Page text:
In Paddy Johnson's review of the "Unmonumental Online" show at the New Museum, she refers to the Whitney's 2001 computer art show "BitStreams" as "disastrous" and casting a long shadow over subsequent attempts to show net art or computer art in museums. She doesn't say why that is so or why the NewMu show is an improvement.
Johnson implies that "BitStreams" was not popular (by lumping it in with MOMA's largely undiscussed "Automatic Update" show). It was very popular, attendance-wise, and got barrels of press ink. That's one of the reasons it was disastrous. People saw curator Lawrence Rinder's largely bad taste on display and thought "so that is the art that is made with computers." I wrote about it here and won't go into it again. The show was heavy on bells and whistles, Exploratorium-style art, the most elementary things that could be done with Photoshop, and the usual workstations no one wants to stand at.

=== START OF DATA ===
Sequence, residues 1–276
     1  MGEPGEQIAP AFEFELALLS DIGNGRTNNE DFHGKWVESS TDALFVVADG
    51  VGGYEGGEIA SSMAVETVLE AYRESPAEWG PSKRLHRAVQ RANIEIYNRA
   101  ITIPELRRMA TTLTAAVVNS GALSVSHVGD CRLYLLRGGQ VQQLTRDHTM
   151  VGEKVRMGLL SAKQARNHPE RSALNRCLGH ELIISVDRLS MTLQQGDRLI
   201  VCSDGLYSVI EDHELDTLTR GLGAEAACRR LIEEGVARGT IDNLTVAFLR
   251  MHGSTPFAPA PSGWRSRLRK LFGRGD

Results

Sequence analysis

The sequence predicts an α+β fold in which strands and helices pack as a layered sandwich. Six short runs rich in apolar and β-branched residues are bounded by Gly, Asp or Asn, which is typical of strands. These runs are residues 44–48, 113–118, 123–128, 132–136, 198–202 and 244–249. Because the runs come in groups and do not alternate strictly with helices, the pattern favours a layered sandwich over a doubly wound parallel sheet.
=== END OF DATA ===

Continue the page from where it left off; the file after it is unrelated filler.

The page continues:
Since that time social networking sites have dominated the Web and a fair amount of exchange and cross-pollination has happened with art online. The NewMu show at least acknowledges this with pages lifted from YouTube, LiveJournal, etc. and artists working in the media of blogs and browser-friendly file formats. "BitStreams" was dominated by a group of artists who came to prominence in the dot com, Net Art 1.0 era; "Unmonumental Online" is dominated by a group who came to prominence in the post-dot com, Net Art 2.0 era. More could be written about these two periods and how the shows reflected the strengths and weaknesses of each.